The most overused phrase in design, “less is more,” is the best way to create genderless products. Products that are simple and minimalistic are gender-inclusive and therefore bring out the essence of the functional dimension. Following this principle, watch brands like Braun and Instrmnt have effaced their gender collections.

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Gender-inclusive collection of watch brands such as Braun and Instrmnt ©https://www.frolicstudio.com/

Another way to make a product gender-inclusive is by using natural materials and natural textures that are subtle yet appealing and soothing. The natural grain of the product appeals to the senses of a person regardless of gender. These textures also blend well with neutral shades such as beige, greys, pale yellows, and greens. Georganics bamboo toothbrush is an example wherein the product is available in different shades that complement the wooden texture.

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Georganics bamboo toothbrush ©https://www.frolicstudio.com/

And, the most effortless way to create gender-inclusive is to find the perfect balance of masculine and feminine features. The presence of both feminine and masculine elements in a single product cancels out each other. Thus, creating a gender-inclusive product. The MUJI collection of kitchen appliances have a balanced combination. The soft edges of the masculine geometric forms and the lighter undertones of masculine tones result in a gender-neutral product.

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MUJI collection of kitchen appliances ©https://www.frolicstudio.com/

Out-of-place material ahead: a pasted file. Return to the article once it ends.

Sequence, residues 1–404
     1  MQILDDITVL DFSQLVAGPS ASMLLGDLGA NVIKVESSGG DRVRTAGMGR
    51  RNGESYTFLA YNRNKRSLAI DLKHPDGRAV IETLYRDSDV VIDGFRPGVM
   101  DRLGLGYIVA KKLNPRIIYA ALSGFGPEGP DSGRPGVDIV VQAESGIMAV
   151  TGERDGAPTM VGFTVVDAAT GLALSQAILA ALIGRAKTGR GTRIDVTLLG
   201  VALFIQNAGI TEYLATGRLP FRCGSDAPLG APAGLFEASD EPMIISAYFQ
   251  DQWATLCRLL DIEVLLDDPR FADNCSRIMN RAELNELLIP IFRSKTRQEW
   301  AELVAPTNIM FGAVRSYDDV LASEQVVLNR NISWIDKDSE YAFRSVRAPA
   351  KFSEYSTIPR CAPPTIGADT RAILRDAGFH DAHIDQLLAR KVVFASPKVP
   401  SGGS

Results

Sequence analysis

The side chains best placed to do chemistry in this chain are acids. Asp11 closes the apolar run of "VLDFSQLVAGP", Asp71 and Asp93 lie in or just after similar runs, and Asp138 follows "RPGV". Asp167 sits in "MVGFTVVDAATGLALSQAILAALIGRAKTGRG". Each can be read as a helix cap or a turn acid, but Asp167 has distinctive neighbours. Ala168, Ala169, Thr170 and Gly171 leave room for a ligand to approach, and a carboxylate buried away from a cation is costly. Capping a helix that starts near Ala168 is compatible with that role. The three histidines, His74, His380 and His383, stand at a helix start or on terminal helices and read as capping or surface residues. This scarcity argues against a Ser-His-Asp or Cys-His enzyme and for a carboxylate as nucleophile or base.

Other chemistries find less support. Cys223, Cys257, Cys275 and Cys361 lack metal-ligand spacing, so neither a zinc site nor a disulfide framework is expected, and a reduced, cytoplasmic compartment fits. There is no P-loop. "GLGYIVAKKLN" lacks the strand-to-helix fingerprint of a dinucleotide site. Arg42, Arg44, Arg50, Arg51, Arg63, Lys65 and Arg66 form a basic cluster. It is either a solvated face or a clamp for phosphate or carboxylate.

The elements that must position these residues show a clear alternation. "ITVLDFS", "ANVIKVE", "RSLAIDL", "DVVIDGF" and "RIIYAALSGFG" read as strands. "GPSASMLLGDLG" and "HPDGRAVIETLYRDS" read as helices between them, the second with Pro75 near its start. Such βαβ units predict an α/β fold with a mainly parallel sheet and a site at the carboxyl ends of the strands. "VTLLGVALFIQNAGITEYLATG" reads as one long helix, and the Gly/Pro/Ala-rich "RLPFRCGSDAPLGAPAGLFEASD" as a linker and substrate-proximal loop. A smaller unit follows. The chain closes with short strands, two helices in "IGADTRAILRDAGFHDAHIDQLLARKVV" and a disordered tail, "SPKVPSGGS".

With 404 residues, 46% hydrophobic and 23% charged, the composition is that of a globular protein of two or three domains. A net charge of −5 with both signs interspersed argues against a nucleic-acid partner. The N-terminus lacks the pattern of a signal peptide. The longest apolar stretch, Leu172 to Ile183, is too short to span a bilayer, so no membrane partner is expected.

Creating Genderless Designs

Gender identities are defined based on social constructions. Following that is the stereotypical gender perceptions’ construction with people labeled with the nametags of their communities. The categorical classification of people into groups leads to the formation of stereotypical notions. Resultantly, this simplifies the conception of people’s wants as a collective and not as an individual taking away the autonomy from the user to choose what they want and restraining them with group labels.

Today, all constructed identities should be treated equally as human beings. For an equal world, designers have a significant role in shaping culture and society. Design is an interactive profession that transmits ideas and products are considered a tool for the designer to communicate with the user. Thus, traces of gender identity should be reduced on products to avoid gender definitions and create a gender-inclusive order. 

When the product design is gender-inclusive, the habitual modus-operandi of marketing and advertising shall be adapted accordingly. These strategies will furthermore unitedly change people’s perspectives.

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Obscuring gender effects on products will equitably lead society by the medium of product design. Designers should be aware of that and contribute to the future without prejudices, boundaries, and classifications. (Cakiroglu 6) By blurring the lines of gender representation through product design, designers can deaden the practice of typecasting people into groups, enabling freedom of individualistic expression devoid of old hat banal title roles. 

References

Cakiroglu, Irem. “Genders of Products: Creating Genderless Design.” Senses & Sensibility’17: Design Beyond Borders and Rhizomes, 2017. https://www.researchgate.net/, https://www.researchgate.net/publication/321309974_Genders_of_Products_Creating_Genderless_Design. Accessed 25 June 2021.

Schroeder, Klaus. “Gender Dimensions of Product Design.” United Nations Division for the Advancement of Women (DAW, part of UN Women) United Nations Educational, Scientific and Cultural Organization (UNESCO), vol. 28, no. Gender, Science, and Technology Expert Group meeting of the United Nations Division for the Advancement of Women (UN-DAW), 2010, pp. 193-200. https://www.un.org/womenwatch/daw/egm/gst_2010/Schroeder-EP.13-EGM-ST.pdf. Accessed 25 June 2021.

Author

Archana is a lover of architecture, a dreamer of Pritzker, an admirer of nature, a painter with words, a photographer of aesthetics, a thinker of design concepts, a writer of thoughts, an executioner of challenges, a follower of Harvey Specter, a collector of memories, and an appreciator of life...